Editorial | Food security and household waste

With the increasing cost of food in the market and the desire for people to eat food that are pesticide-free, urban container gardening might just provide the answer.

Jojo Rom, an agriculturist who has done extensive study and research on urban gardening, said anyone can plant food at home which ensures the family’s food security as well as make household waste beneficial as organic fertilizer. Over all, it contributes to proper waste management.

It does not require hectares to be food sufficient. Pots and used plastics can be transformed into receptacles for vegetables or spices that we use daily. Household waste, properly segregated and reused, can be part of the food system in urban container gardening.

We have a very popular folk song “Bahay Kubo’ which is actually a representation of how Filipinos used to be food sufficient.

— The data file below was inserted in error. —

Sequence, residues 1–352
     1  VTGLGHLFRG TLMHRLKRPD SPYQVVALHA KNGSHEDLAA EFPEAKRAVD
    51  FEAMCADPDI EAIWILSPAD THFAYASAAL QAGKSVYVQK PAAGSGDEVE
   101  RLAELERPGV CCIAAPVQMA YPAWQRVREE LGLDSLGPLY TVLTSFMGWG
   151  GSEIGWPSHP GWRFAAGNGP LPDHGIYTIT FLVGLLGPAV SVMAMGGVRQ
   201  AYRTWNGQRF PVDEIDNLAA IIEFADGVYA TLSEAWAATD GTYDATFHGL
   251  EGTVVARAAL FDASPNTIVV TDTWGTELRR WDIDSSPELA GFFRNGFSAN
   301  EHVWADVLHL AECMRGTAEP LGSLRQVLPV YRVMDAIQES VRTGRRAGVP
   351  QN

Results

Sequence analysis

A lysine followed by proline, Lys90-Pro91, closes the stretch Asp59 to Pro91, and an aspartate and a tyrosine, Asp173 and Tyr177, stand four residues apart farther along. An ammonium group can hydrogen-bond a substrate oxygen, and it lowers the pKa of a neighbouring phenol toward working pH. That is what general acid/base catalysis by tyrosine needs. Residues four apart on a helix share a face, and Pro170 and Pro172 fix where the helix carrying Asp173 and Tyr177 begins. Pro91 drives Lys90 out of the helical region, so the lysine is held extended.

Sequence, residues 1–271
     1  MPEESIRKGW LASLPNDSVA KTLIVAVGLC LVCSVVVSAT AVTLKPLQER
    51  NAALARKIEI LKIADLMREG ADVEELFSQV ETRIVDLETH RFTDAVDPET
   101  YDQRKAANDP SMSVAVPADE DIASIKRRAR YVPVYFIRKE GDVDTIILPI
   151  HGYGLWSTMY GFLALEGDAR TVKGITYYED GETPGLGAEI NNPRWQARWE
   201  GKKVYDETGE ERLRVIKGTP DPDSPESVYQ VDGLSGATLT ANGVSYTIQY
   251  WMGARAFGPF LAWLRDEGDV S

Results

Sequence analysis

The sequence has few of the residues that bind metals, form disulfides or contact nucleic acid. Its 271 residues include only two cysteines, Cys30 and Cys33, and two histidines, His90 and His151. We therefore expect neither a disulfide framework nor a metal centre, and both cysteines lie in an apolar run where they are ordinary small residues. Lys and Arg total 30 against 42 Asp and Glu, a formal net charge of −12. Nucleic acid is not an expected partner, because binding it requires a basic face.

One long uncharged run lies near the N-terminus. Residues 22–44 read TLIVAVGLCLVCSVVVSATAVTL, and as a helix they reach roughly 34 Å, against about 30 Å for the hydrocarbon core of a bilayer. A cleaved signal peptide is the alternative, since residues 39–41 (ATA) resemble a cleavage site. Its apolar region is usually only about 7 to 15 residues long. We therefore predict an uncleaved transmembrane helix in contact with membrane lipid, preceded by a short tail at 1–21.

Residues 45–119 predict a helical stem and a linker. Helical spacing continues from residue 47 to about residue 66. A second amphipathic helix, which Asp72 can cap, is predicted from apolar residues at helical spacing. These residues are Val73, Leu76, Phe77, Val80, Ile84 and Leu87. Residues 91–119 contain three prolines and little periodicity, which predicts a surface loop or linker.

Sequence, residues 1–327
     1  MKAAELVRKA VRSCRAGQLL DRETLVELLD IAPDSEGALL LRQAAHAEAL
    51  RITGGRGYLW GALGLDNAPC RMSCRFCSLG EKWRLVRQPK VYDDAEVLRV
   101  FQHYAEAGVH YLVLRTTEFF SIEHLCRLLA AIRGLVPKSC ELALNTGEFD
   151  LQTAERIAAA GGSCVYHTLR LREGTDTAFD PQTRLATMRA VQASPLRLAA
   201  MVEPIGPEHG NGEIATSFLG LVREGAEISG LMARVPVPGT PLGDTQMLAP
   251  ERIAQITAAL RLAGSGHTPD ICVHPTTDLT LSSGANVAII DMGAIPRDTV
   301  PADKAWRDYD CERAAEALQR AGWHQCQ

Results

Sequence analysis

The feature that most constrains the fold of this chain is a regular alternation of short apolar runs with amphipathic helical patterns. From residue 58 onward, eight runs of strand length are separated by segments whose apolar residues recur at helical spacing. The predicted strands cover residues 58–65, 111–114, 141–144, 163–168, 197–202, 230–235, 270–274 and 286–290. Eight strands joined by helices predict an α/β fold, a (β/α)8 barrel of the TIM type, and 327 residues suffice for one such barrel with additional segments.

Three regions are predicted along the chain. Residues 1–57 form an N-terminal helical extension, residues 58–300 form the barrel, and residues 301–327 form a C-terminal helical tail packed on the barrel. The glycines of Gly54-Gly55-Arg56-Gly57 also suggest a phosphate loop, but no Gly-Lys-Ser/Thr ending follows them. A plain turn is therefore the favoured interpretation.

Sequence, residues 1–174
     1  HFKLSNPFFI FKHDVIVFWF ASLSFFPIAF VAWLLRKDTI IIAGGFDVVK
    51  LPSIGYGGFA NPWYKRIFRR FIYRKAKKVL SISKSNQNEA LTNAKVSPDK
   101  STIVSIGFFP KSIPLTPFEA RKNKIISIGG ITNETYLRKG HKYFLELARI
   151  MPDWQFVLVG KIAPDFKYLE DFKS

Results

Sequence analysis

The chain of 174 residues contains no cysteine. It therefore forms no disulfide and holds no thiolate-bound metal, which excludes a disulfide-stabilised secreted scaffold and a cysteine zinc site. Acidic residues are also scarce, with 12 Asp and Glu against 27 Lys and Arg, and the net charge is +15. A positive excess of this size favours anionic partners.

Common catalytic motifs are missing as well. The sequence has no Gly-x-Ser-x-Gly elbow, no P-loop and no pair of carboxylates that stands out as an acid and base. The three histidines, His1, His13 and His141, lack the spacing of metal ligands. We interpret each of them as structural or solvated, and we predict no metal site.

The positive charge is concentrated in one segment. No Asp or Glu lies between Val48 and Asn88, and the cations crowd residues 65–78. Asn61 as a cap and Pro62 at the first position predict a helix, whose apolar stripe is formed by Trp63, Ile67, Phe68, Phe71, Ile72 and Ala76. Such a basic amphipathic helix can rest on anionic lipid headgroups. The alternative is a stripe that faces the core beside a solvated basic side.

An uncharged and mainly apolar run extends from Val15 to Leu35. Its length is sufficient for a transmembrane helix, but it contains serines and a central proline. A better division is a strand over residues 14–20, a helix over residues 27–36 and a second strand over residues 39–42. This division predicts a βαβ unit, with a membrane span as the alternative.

All of the vegetables mentioned in the song such as eggplant, okra, cabbage, beans, can also be planted even on a small piece of land. We eat what we grow. This way, no one will go hungry apart from knowing how our food is grown.

Many would say that it is better to just buy food in the market rather than spend a lot of time growing your own food. Rom said that it only takes 30 minutes each day to check and monitor the plants which could also be spiritually rewarding for people even with the short time they commune with nature and the environment. Working on the soil, caring for the plants certainly have therapeutic effects and can de-stress urbanites who face the urban jungle every day.

Urban container gardening can help us in food security and cutting household waste. This is something we should be excited about.

Posted in Opinion